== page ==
Study

Functional community ecology meets restoration ecology: assessing the restoration success of alluvial floodplain meadows with functional traits

  • Published source details Engst K., Baasch A., Erfmeier A., Jandt U., May K., Schmiede R. & Bruelheide H. (2016) Functional community ecology meets restoration ecology: assessing the restoration success of alluvial floodplain meadows with functional traits. Journal of Applied Ecology, 53, 751-764.

Actions

This study is summarised as evidence for the following.

Action Category

Transfer plant material from intact grassland alongside seeding/planting

Action Link
Grassland Conservation

Sow native grass and forbs

Action Link
Grassland Conservation
  1. Transfer plant material from intact grassland alongside seeding/planting

    A replicated, randomized, paired, controlled study in 2009–2014 in a species-poor grassland near Wittenberg, Germany (Engst et al. 2016) found that transferring hay alongside sowing seeds did not alter the richness or cover of target grass and forb species compared to sowing seeds without hay. After five years, there was no significant difference in the average number and cover of target forb and grass species between plots with hay added and seeds sown (forbs: 8 species, 6.7%; grasses: 1.3 species, 2.4%) and plots without hay added and seeds sown (forbs: 6.5 species, 3.2%; grasses: 1.2 species, 2.7%). In 2009, six blocks, each with two plots measuring 30 × 6 m, were established. In each block, hay and a regional seed mixture was added to one tilled and rolled plot. In the other plot, seeds (obtained from threshing and a regional seed mixture) were sown but no hay was added. In 2010–2014, the study site was repeatedly flooded and mown twice a year. Hay was obtained from two nearby sites, which were also regularly flooded and mown. Vegetation in each plot was recorded annually from 2010 to 2014 using 4 x 4 m quadrats.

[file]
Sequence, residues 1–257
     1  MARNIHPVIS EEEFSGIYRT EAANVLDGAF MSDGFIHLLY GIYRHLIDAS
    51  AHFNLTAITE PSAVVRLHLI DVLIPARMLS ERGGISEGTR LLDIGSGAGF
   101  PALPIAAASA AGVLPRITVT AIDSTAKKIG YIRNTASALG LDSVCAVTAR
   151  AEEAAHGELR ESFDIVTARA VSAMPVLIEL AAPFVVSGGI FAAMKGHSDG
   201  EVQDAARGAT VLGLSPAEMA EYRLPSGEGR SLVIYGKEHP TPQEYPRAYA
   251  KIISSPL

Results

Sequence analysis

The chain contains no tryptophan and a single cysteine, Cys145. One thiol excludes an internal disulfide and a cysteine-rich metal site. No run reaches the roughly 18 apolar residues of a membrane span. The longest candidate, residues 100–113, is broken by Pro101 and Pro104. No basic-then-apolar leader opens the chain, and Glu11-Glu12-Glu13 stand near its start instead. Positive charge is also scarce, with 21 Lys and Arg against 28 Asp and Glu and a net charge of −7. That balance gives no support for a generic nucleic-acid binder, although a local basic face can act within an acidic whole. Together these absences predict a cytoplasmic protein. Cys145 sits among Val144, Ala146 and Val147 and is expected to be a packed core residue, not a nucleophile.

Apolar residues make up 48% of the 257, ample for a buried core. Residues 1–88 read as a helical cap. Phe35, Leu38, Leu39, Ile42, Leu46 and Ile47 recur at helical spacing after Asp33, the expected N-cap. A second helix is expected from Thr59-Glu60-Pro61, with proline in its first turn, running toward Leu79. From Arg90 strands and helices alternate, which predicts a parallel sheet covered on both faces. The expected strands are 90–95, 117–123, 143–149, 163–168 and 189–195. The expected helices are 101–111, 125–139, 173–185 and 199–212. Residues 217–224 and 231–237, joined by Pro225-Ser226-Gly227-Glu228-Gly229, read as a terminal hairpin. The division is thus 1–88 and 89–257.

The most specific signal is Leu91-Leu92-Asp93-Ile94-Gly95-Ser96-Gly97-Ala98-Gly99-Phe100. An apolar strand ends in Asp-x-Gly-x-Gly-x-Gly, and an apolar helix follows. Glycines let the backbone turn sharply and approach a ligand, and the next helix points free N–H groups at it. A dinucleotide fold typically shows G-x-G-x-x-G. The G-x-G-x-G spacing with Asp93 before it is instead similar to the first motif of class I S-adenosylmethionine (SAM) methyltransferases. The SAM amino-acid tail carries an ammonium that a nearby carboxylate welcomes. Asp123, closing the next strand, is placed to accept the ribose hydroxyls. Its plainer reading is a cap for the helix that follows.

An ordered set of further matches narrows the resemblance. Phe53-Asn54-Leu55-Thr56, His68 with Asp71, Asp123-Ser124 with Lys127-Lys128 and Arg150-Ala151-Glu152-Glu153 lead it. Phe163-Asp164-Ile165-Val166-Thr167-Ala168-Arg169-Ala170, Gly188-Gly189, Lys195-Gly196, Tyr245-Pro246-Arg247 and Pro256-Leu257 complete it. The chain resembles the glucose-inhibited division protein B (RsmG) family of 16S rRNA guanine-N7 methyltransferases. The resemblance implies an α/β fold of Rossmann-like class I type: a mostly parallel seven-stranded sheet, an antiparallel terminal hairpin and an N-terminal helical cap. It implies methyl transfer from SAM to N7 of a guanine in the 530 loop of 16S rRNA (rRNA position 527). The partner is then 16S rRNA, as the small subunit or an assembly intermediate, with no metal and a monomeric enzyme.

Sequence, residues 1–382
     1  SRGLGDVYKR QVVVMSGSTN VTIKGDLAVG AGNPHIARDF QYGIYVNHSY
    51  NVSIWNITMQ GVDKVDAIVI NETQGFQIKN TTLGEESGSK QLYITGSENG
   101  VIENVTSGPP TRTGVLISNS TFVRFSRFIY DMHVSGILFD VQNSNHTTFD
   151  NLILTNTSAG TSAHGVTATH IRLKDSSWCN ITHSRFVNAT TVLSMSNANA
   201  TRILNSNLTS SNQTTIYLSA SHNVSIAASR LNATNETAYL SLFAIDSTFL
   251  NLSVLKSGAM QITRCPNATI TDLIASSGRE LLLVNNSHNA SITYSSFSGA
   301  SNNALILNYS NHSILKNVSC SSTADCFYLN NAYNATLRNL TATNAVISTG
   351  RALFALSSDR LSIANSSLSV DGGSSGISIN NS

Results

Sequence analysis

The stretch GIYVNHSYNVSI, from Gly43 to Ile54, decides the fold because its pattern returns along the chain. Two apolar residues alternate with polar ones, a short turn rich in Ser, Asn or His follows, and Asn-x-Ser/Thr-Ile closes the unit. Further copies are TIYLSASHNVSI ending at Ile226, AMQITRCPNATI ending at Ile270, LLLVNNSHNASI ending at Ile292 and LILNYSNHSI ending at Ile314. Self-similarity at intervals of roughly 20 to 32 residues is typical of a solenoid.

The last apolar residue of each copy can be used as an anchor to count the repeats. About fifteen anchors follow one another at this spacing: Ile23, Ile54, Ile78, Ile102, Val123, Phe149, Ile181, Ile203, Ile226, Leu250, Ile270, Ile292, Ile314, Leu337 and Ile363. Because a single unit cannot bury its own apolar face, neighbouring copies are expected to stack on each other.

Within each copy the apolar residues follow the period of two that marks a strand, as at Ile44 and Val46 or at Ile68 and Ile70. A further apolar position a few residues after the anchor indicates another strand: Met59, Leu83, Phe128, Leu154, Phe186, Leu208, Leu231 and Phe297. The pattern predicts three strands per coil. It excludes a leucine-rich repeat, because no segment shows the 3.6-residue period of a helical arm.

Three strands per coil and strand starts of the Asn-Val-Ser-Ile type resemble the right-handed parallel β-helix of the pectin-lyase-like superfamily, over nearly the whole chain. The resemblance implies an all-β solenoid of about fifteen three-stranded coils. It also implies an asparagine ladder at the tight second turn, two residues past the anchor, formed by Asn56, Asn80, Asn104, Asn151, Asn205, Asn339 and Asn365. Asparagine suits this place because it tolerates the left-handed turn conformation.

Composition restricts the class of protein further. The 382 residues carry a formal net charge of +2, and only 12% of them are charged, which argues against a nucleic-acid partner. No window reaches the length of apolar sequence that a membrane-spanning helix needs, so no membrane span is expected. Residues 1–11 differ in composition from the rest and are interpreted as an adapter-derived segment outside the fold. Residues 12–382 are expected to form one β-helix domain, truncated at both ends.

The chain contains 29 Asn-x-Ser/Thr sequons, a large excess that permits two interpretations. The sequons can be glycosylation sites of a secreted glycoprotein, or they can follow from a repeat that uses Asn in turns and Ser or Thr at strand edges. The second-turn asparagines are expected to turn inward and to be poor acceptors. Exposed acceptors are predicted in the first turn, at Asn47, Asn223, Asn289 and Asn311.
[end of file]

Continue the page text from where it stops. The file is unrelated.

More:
(Summarised by: Philip Martin)

  2. Sow native grass and forbs

    A replicated, randomized, paired, controlled study in 2009–2014 in a species-poor grassland near Wittenberg, Germany (Engst et al. 2016) found that sowing grass and forb seeds increased the species richness of target forbs, but did not alter target forb species cover or the species richness of target grasses. After five years, plots sown with seeds had on average more target forb species (4.6–6.5 species/plot) than plots not sown with seeds (2.9 species/plot). However, there was no significant difference in average target forb species cover (seeds: <1–3%; no seeds: <1%), or the average number of target grass species (seeds: 1.2–1.4 species/plot; no seeds: 0.8 species/plot). In 2009, six blocks each with three plots measuring 30 × 6 m were established. In each block, two plots were tilled, rolled and sown with seeds (one plot with seeds obtained by threshing only, and the other with seeds obtained by threshing and combined with a regional seed mixture), while no seeds were added to the third plot. Between 2010 and 2014, the study site was repeatedly flooded and mown twice a year. On-site threshing was carried out at two nearby sites, which were also regularly flooded and mown. Vegetation in each plot was recorded annually from 2010 to 2014 using 4 x 4 m quadrats.

     

    (Summarised by: Philip Martin)

Output references
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